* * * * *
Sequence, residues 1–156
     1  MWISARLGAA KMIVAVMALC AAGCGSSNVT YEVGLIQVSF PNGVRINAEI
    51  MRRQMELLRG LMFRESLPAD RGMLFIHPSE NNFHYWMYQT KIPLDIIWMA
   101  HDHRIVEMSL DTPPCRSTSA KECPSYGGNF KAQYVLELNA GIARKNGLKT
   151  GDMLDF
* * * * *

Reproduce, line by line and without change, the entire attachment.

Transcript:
Sequence, residues 1–156
     1  MWISARLGAA KMIVAVMALC AAGCGSSNVT YEVGLIQVSF PNGVRINAEI
    51  MRRQMELLRG LMFRESLPAD RGMLFIHPSE NNFHYWMYQT KIPLDIIWMA
   101  HDHRIVEMSL DTPPCRSTSA KECPSYGGNF KAQYVLELNA GIARKNGLKT
   151  GDMLDF